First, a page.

in touch.
    This may be more help than you wanted, but it should be of some help.
    We’ll be hoping for some good news from you.
    Best regards,
    Jim

    Reply
  23. Lynn

    Also, I’m not convinced my muscle biopsy was complete. I don’t think they checked it with the electron microscope (?)…they have saved some of my muscle tissue I’m wondering if I could have that checked?

    Reply
  24. Lynn

    It’s been awhile since I’ve checked in…a lot has happened. I saw my neuro a few weeks ago. She said my muscle biopsy was not completely normal. While it didn’t point to a specific disease, it did show some nonspecific changes. I can’t find the report this minute, but it showed some atrophy and differences in fiber sizes. But, the report says these are minimal changes.

    My neuro wants me to go to the Mayo Clinic. But I’ve wondered if Cleveland Clinic may be better? I’m at a loss at what to do next. I am going to start on Coq10 soon. I had a nasty virus last week, which left me unable to walk for several days. I’m recovering, thankfully.

    My neuro wants me to have the blood test for McArdle’s and I called my insurance and they can’t find it in their listing. I believe it is new. I feel as if McArdle’s is a possibility, but I have so much pain. Is that common with McArdle’s? I do have more pain on exertion, shortness of breath on exertion, and even have trouble talking at times. It’s as if I’m out of energy. My neuro thinks if it’s not McArdle’s that it’s mito. That’s what’s got me thinking about Cleveland clinic. I’m about six hours from there. Also, about three hours from St. Louis. Does anyone know if Washington University is any good for patient care? I know they do a lot of research.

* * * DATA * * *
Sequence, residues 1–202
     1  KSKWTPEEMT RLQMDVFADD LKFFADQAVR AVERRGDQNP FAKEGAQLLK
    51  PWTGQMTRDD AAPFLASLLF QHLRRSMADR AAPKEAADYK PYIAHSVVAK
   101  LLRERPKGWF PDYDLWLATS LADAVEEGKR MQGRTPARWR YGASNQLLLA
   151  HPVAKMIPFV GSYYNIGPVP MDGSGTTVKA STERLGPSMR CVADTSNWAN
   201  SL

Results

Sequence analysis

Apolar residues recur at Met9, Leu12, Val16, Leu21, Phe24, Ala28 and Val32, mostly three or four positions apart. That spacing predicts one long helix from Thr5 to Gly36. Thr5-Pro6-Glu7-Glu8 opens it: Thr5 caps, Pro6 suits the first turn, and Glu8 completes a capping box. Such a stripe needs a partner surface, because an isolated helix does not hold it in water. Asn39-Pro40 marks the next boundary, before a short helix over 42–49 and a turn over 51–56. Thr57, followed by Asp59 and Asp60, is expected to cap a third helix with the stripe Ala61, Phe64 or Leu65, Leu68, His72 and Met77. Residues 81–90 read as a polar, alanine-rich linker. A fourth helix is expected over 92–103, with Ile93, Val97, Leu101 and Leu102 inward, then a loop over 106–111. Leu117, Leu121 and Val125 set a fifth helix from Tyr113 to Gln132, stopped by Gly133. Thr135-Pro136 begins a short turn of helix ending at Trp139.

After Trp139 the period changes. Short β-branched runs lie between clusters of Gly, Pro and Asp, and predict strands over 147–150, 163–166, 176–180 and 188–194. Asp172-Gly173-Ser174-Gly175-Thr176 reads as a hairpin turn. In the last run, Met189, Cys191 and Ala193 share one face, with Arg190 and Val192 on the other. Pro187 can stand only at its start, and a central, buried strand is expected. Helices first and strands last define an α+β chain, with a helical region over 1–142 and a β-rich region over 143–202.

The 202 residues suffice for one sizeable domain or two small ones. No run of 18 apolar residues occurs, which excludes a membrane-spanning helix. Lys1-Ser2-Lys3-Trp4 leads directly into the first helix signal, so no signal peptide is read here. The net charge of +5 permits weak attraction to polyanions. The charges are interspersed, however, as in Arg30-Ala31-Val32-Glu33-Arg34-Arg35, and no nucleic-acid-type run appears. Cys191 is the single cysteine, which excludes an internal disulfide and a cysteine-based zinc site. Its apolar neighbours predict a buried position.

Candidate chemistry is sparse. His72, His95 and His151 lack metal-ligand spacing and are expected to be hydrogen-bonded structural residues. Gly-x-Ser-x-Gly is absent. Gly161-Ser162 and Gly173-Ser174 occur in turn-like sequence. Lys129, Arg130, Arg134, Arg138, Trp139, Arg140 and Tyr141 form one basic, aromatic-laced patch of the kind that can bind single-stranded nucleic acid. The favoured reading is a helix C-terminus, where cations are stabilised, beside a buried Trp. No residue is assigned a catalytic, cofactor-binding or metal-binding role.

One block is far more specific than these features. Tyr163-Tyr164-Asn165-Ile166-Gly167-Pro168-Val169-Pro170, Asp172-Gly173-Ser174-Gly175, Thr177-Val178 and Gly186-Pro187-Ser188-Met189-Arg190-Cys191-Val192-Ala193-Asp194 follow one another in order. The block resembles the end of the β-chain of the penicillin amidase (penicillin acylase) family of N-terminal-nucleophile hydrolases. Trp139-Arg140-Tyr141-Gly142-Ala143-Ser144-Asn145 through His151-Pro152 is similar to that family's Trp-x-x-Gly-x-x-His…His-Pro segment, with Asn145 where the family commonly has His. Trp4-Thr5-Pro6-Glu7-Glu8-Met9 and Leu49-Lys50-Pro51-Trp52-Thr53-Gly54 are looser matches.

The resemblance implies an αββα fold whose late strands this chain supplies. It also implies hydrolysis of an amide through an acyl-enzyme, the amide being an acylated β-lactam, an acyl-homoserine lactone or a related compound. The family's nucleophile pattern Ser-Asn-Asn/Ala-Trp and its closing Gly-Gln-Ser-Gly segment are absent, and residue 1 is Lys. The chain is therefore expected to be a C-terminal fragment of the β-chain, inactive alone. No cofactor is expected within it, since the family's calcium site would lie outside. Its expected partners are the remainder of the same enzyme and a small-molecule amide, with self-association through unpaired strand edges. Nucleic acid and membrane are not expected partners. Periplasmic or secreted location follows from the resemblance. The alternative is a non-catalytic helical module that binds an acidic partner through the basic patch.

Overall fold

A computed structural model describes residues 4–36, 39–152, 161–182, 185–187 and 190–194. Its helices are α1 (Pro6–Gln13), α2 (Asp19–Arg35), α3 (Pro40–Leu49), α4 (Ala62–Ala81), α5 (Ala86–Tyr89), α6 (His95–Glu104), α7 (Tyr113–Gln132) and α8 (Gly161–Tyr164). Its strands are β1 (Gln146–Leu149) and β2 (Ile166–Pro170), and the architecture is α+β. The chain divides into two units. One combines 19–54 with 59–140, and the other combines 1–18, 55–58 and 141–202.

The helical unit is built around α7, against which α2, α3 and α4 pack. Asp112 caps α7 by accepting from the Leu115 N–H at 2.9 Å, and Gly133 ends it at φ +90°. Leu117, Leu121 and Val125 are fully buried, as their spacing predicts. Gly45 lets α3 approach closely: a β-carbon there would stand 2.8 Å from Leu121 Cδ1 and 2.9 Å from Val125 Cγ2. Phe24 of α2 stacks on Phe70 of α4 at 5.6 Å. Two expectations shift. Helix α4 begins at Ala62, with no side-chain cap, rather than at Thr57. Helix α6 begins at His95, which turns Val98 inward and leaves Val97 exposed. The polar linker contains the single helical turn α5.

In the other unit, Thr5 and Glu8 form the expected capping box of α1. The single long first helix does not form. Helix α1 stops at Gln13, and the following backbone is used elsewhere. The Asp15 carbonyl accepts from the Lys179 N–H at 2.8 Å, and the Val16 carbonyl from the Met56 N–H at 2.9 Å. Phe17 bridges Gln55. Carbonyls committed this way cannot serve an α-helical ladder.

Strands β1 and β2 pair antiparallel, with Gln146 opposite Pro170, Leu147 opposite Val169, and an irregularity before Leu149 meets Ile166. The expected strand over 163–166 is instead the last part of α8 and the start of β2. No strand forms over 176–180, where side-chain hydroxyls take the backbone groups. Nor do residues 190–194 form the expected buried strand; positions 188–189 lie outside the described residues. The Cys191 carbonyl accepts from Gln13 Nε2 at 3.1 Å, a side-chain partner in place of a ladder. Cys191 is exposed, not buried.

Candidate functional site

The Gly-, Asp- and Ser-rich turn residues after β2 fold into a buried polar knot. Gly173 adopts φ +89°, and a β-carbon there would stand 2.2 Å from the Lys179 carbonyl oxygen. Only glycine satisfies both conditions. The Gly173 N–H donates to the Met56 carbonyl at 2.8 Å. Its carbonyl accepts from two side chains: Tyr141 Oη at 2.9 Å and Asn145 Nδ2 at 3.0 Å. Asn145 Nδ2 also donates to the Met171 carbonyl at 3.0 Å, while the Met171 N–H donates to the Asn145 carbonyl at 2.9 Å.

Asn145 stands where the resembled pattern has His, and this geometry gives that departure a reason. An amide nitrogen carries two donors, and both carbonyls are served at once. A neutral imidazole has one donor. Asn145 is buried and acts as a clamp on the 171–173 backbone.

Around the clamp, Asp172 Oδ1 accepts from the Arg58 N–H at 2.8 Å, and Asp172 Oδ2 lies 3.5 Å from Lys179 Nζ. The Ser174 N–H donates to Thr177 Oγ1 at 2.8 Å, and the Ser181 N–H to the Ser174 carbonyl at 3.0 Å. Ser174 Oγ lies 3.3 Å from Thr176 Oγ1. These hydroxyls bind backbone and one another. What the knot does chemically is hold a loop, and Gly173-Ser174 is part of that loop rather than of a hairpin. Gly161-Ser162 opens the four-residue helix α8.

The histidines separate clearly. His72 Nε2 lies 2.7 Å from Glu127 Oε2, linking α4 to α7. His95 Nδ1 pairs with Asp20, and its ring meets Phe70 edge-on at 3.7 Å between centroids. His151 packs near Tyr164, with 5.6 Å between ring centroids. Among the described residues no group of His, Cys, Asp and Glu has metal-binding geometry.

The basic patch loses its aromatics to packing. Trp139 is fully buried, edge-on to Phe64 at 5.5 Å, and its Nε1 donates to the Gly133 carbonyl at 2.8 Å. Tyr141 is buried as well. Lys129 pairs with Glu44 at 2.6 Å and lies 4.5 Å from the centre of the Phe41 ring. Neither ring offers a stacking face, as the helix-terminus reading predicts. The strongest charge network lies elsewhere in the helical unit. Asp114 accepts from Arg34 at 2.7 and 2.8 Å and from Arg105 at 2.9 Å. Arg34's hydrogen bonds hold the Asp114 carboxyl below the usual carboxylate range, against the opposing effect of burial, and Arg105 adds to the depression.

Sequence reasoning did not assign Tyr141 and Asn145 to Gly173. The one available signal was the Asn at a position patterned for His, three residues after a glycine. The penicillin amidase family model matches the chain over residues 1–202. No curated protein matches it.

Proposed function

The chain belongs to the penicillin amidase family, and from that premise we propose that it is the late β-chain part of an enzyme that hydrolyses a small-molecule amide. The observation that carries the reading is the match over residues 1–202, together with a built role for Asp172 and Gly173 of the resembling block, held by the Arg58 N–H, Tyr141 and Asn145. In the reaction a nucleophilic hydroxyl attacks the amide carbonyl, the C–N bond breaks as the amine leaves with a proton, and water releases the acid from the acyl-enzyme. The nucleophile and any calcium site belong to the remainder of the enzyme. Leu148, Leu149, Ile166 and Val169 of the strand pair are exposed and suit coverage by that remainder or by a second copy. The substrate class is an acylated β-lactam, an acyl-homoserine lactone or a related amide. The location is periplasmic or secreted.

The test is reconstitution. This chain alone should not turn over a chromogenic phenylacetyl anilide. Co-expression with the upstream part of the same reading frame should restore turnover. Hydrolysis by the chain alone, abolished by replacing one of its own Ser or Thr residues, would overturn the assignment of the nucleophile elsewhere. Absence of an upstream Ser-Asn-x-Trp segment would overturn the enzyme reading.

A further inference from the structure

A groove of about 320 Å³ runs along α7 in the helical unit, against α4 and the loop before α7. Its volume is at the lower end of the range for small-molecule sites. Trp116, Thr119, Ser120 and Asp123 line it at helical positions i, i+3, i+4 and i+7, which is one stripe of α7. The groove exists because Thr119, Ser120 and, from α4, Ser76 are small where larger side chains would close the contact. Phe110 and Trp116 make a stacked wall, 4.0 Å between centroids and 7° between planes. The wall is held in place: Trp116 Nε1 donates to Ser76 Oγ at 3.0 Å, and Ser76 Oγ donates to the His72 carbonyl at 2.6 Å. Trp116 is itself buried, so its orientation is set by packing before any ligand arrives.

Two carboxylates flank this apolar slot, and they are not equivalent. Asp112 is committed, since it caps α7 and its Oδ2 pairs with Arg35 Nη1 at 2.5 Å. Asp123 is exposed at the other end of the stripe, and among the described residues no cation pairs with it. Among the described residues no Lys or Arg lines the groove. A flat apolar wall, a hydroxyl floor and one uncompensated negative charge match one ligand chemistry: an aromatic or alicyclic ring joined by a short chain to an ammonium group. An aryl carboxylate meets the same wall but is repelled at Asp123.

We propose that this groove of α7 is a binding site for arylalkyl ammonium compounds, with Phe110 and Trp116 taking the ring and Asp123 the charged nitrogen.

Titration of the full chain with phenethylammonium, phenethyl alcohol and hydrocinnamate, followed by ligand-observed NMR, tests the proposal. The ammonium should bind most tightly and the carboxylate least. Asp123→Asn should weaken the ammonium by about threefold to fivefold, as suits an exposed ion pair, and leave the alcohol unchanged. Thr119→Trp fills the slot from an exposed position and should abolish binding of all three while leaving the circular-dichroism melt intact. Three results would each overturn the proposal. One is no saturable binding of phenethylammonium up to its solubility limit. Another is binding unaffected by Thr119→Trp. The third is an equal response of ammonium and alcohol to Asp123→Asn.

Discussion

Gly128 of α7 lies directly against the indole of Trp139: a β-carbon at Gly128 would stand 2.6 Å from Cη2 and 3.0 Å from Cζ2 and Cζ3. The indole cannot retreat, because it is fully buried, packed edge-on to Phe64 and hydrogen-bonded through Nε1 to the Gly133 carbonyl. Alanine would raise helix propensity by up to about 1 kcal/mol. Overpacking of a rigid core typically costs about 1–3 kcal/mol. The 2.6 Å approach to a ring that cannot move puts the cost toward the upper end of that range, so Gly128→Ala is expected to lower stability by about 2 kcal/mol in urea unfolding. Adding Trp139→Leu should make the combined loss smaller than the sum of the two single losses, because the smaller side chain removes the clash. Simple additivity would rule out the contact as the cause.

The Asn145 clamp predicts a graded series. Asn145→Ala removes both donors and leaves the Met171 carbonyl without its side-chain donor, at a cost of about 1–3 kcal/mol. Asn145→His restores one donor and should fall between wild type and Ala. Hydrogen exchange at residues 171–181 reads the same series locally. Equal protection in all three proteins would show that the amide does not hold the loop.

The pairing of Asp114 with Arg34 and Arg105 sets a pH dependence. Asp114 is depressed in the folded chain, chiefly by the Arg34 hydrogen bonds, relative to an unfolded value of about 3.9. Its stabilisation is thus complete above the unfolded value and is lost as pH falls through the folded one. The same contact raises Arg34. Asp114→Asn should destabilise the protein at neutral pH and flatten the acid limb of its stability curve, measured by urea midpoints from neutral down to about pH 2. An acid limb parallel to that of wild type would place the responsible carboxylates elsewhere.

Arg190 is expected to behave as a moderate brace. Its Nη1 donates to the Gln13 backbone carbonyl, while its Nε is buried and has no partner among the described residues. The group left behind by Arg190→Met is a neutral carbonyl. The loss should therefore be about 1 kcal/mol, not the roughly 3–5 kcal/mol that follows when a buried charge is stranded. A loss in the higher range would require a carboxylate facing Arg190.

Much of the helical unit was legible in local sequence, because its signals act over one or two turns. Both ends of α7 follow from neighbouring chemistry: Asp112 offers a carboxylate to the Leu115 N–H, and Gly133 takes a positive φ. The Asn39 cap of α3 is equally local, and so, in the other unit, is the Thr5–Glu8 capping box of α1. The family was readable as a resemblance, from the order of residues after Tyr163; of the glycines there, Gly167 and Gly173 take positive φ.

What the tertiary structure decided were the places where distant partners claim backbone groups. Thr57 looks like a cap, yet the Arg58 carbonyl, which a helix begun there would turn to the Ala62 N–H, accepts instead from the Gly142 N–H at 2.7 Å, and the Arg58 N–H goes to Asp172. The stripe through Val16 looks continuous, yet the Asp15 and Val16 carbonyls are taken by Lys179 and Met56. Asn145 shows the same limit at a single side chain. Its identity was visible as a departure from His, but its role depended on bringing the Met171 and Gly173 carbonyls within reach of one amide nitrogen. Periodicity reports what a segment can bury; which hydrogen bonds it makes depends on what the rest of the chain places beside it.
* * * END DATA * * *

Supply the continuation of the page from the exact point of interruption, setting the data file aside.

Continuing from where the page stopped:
Oh, I know there are some tests that I should have had done already. The ischemic testing, for one. My CPK has always been normal, but my neuro thinks if I have it tested during a flare up that it would be high.

    Thanks for any help.

    Reply
  25. Terry Bishop

    I’m new to this site, just found it today. I’m a 47 year old male with McArdle’s. I was wondering if anyone knows if there’s a relationship between McArdle’s and high triglycerides. I work out twice a week with up to 30 lbs dumb bells. My triglycerides are always in the 400’s.

    Thanks.
    Terry.

    Reply
  26. Diane

    Jim,
    Sorry to hear about the anemia and blood issue. My neighbor just went to a hematologist, and she was quite impressed. I hope you have good results…let us know. Also, my VitB12 came back better, and VitD has improved considerably. When they read the CPK results, they sent it back to be redone…I had to laugh! I was pleased with the results…only 600, but I haven’t been able to exercise because of my knees, hip, etc. The Doctor was concerned, and wants to retest in two months. Thanks for the suggestion. I should have been testing it all along.